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Left-brain and Right-brain in Singing

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Peanuts anyone?

Apparently the part of the left-brain that contains our language, intellectual information and repeated emotional patterns is no bigger than a peanut.  When I learned this, I had to do a serious rethink of what I valued and how unbalanced my approach to life and learning had become.

A bird does not sing because it has an answer.It sings because it has a song Chinese Proverb

Almost everything you read, from the Chinese philosophers to modern education, states: “experience is the best teacher”.  Yet for some reason we allow the “peanut” to tell us that this is not so.  It says:  “I must first have the information, then I will decide whether it will work.”  Our systems of education, business, and science have become slave to the very small “peanut”.  First we must prove that others will benefit, produce lots of plans, outlines and paperwork, then we are allowed to offer the experience.  Almost anyone will tell you that they learn the most when they leave school.

While what we learn is valuable, it is not nearly so valuable as the first hand experience of doing it.  In sport, the experience usually comes first; then the theory if needed.  Our methods of teaching singing have evolved into theory first and experience second, especially in classical singing.  It’s time to reconsider and provide a better balance of the way we use our knowledge.



1 Comment

  1. Thank you Meribeth, for voicing what has been a large part of my experience. As a student in a Steiner (Waldorf) school in Australia from Kindergarten I had the joyful experience of singing and music as an integral part of my education all the way through school. There were songs for the different seasons and festivals, and music and singing on a daily basis in the classroom from ditties to remember our “times tables”, to canons, part-singing, and so much more. We learned the songs, sang them in our own class or with other classes for concerts, and enjoyed music in all it’s forms. THEN – when we were more able to cope with more abstract concepts (middle primary [elementary] school), we gradually learned to read music notation, learned more technical terms and complemented what we already loved with “theory”. Our enjoyment of music was enhanced: but crucially we had the experience first.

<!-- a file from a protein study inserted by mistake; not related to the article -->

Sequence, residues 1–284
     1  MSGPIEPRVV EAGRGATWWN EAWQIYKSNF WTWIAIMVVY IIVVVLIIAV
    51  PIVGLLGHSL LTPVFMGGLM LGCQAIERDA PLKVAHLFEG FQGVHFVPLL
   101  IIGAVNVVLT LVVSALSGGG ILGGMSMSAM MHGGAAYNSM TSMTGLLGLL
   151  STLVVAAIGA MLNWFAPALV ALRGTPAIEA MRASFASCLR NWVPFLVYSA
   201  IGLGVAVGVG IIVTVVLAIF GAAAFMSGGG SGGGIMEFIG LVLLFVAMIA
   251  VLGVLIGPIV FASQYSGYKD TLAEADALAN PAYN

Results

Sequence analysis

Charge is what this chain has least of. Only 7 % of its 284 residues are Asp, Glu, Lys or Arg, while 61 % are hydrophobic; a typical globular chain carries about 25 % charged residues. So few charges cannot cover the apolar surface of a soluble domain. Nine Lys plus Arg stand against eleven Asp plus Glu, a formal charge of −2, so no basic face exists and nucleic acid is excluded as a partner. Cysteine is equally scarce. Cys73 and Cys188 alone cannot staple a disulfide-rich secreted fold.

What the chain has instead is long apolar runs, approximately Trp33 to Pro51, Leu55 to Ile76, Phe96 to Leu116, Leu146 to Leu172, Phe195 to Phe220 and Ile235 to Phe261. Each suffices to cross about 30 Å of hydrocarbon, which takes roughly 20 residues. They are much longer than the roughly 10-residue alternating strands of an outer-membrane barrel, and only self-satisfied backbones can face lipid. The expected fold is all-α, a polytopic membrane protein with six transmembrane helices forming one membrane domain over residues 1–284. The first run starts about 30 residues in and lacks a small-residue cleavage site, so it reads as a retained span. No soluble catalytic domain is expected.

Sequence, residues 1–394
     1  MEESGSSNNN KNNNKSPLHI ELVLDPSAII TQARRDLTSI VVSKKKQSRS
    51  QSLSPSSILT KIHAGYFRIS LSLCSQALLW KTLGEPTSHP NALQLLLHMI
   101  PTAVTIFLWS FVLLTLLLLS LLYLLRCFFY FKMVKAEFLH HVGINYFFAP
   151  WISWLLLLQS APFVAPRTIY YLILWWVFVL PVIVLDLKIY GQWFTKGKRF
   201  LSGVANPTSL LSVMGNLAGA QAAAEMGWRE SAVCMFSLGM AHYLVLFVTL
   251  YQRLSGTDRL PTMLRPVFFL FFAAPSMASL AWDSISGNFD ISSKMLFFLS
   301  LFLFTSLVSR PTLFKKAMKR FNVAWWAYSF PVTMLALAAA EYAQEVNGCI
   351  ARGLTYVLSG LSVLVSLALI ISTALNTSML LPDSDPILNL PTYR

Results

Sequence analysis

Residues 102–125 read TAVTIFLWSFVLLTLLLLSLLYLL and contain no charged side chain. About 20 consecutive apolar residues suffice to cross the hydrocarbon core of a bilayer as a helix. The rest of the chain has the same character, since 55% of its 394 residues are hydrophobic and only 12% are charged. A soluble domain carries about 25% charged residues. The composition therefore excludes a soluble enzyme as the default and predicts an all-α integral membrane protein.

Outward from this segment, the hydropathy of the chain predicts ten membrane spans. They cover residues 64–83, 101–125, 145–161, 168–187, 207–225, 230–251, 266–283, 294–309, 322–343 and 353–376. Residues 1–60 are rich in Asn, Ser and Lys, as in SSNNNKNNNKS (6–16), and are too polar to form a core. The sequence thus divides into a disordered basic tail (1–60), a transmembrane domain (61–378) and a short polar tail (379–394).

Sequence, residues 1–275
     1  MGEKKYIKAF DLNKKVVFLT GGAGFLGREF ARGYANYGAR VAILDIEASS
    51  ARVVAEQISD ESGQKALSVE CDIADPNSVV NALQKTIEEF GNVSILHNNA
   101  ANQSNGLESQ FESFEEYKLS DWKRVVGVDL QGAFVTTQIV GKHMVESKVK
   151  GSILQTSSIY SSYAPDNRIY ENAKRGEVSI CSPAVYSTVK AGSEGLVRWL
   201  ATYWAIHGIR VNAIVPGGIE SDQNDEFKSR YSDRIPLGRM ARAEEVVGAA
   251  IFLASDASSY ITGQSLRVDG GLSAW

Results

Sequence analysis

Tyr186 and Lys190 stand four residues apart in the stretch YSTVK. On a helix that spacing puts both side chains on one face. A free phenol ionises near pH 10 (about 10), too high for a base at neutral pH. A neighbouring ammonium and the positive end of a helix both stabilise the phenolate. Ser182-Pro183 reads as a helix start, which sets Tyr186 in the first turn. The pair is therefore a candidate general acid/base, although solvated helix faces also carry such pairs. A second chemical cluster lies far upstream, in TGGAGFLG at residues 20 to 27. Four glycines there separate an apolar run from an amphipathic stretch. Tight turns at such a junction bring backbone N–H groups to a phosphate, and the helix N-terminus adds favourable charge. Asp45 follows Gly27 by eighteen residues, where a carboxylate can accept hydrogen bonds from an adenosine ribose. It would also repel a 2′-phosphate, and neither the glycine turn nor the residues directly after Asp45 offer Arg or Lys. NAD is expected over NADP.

As an adult I have been privileged to be part of an A Capella group lead by an extraordinary lady and voice coach: Ganga Ashworth. She chose music that could be sung by a very diverse group (experienced/ novice/ music-readers/music non-readers). Usually the music came from African or other native cultures – Maori, Australian Koori and Islander cultures – music designed to be learned by imitation and experience. No wonder we sounded good as a group of un-auditioned people, even when we sang in many parts: this type of music was experienced long before there was anything theoretical about it! Ganga gives encouragement that everyone has a voice and something to offer, and we made beautiful music and had so much fun! The experiences through this group gave some the confidence and desire to pursue music more fully in their lives: learning to read music, offering songs for the group to sing, singing in public, and much more. Again, the joy of the expereince lead to the desire to learn more.
    Children and adults alike are much more engaged with learning anything if the experience is enjoyable: and like you, I’m not convinced that mountains of music theory before the experience of singing or playing an instrument is the way to spark interest.

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